- Slow and deep breathing can help calm your nerves. Practice by sitting straight with a hand on your stomach and a hand on your chest. Breathe deeply into your lungs. The hand on your stomach should rise while the hand on your chest should not. Try counting ten breaths.
- Once you've learned deep breathing, you might want to try mindfulness meditation. Sit straight with your eyes closed. Focus on your breath as you inhale and exhale. Then start noticing other sounds and sensations. If you feel yourself becoming anxious, think about your breathing again.
- Try progressive muscle relaxation. Start by tensing every muscle in your right foot. Hold it for a few seconds before relaxing. Repeat with your left foot before moving on to all of the other muscles in your body. This can train you to relax your muscles when they are tensed and tight.
Learn grounding exercises.Grounding techniques are useful for when you are experiencing extreme anxiety. They can help you calm down by using activities and sensory details to reduce your anxiety.
- Try touching and looking around at the objects around you. Describe them as you go through them. For example, in the doctor's office, you might feel the paper lining the chair. Describe its texture. Look up at the artwork, and describe their colors in your head. Name objects in the room, such as the receptionist's desk, the magazines, or the sink.
- You can also give yourself a topic, such as zoo animals or state capitals. Try to name as many as you can. This activity can help you refocus your thoughts.
QuestionWhat if I cant see a therapist and the other solutions don't work? Every time I think about the doctors, I get so anxious that I start to feel faint.wikiHow ContributorCommunity AnswerTry to contact the therapist or doctors by phone or e-mail or letter explaining your situation. Reach out to them, you might be surprised at the lengths people will go to to help you.Thanks!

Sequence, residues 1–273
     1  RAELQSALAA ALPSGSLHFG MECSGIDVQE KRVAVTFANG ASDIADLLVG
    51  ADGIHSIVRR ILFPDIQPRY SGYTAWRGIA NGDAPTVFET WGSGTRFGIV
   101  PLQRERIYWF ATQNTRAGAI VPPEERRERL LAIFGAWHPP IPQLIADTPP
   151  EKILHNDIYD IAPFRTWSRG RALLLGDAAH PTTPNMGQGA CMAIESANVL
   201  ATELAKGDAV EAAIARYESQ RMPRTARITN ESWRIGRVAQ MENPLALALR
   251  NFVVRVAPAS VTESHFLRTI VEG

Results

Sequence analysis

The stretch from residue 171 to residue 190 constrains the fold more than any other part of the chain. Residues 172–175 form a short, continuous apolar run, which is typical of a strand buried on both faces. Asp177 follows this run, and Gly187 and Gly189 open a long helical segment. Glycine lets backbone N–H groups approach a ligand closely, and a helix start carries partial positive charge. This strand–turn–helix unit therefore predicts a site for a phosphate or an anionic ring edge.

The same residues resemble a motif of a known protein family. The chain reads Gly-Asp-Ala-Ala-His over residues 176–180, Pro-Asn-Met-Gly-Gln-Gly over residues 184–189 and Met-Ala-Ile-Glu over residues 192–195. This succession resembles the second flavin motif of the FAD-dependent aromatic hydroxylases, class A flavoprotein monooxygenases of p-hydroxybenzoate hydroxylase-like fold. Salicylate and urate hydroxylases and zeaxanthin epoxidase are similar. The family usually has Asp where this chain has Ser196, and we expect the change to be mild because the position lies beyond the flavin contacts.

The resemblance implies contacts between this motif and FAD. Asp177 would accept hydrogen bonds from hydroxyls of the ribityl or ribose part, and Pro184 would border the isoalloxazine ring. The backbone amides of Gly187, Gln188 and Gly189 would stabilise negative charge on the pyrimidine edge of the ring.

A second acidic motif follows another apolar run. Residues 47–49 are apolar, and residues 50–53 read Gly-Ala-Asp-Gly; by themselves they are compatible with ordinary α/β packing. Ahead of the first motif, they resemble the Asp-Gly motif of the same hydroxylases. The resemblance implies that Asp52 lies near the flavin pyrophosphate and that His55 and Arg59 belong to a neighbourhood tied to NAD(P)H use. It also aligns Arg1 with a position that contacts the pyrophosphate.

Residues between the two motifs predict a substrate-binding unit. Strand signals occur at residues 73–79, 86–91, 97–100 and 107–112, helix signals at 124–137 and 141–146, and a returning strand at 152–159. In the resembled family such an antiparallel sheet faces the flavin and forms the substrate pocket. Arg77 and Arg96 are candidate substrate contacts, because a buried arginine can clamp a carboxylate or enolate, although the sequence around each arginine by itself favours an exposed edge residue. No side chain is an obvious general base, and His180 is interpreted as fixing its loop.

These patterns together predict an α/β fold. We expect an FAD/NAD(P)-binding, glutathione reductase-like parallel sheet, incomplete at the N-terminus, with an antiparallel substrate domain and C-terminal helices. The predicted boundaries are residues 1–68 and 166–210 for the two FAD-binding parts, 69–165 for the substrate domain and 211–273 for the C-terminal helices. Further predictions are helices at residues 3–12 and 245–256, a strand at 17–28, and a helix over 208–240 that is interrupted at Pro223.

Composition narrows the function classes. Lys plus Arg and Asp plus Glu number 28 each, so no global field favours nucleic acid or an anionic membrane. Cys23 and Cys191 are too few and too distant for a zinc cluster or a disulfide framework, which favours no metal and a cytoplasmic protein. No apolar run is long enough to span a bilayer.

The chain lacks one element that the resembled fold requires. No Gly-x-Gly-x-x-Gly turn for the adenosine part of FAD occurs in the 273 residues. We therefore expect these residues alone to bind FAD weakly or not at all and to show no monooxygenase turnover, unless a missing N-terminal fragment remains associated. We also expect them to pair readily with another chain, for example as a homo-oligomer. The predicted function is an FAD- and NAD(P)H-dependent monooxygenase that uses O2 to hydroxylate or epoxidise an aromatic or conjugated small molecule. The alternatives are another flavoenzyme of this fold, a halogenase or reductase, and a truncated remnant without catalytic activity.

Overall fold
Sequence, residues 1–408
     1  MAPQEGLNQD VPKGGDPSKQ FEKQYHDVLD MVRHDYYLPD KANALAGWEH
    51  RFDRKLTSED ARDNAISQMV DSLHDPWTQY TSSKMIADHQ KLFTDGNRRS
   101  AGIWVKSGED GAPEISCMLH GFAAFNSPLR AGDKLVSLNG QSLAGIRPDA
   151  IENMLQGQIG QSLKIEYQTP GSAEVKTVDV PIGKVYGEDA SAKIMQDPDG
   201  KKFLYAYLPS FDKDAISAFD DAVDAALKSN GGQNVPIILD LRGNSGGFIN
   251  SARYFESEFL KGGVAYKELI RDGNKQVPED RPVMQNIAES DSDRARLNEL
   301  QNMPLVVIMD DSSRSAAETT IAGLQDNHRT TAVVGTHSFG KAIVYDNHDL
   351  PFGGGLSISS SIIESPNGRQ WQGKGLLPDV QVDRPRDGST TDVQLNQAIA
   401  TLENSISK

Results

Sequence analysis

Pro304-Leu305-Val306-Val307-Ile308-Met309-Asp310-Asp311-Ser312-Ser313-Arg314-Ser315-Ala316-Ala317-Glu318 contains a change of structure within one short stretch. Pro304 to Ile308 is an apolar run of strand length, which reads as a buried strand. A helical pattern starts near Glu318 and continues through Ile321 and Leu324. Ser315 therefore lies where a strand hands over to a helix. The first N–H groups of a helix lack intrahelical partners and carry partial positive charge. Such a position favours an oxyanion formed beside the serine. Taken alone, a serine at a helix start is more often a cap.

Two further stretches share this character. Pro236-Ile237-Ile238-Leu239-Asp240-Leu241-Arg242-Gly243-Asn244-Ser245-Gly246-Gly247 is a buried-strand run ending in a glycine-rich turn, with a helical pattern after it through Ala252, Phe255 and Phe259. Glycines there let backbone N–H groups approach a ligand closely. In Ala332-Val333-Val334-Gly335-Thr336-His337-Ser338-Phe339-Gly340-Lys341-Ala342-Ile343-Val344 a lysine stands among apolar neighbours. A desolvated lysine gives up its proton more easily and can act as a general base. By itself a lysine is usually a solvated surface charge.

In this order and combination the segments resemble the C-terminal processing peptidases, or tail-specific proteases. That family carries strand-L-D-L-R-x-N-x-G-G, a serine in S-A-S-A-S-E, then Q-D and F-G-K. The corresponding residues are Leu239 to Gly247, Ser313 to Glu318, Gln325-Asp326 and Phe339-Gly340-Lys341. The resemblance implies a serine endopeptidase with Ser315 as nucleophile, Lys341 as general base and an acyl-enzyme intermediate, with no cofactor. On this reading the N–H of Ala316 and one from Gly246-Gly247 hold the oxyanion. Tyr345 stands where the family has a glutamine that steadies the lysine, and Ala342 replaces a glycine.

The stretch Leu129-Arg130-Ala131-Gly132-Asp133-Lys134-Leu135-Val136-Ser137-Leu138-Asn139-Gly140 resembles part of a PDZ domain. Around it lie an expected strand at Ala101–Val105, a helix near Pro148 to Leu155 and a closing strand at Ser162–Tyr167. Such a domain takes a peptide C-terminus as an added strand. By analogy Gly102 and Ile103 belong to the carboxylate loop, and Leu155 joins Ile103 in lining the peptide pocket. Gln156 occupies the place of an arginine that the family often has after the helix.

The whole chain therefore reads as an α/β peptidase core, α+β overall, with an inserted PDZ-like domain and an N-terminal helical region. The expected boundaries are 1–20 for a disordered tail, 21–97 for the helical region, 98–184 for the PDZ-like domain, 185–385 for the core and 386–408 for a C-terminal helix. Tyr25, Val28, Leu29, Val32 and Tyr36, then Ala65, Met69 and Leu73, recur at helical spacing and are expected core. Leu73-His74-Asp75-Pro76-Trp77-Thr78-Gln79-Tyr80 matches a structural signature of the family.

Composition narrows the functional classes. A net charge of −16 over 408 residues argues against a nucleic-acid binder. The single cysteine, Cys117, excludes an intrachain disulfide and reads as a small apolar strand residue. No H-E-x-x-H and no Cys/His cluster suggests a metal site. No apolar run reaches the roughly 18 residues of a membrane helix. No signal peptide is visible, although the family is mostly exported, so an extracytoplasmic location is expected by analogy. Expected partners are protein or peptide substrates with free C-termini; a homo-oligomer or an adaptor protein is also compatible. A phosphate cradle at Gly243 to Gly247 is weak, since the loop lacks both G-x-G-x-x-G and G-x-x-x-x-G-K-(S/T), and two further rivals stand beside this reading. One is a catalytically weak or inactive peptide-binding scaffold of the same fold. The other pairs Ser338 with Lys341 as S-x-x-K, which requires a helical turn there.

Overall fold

QuestionI am going to the doctor tomorrow and I really don't want the doctor to look in my ears, they are extremely sensitive. How can I get the doctor to not look in my ears at all?Susan ButlerCommunity AnswerTell your doctor that your ears are sensitive and that you don't want him to look into them.Thanks!
QuestionI have to go to the doctor next month for a wellness checkup, and I am afraid. How can I stay calm from the point to when I get in the car, to when I walk in the room?DoggykidCommunity AnswerFirst of all, it's normal to be a bit nervous about going to the doctor. Ask someone to drive you to the doctor's office and back, or take a taxi. While you're riding, take some deep, slow breaths. Remind yourself that it will be over by the time you eat dinner tonight. Tell yourself that the doctor is there to help you and that you'll be fine. When you get to the waiting room, find something to do. It doesn't really matter what it is, you just need a distraction. If you have to fill out paperwork, then do so. If not, text a friend or read a magazine or something. When you get into the exam room, ask the doctor or nurse any questions you have. Speak up and tell them you are nervous, this is useful information for them to have.Thanks!
Is there a way to go to the doctor's about my anxiety when my anxiety is so bad I can't even think about it without having a panic attack?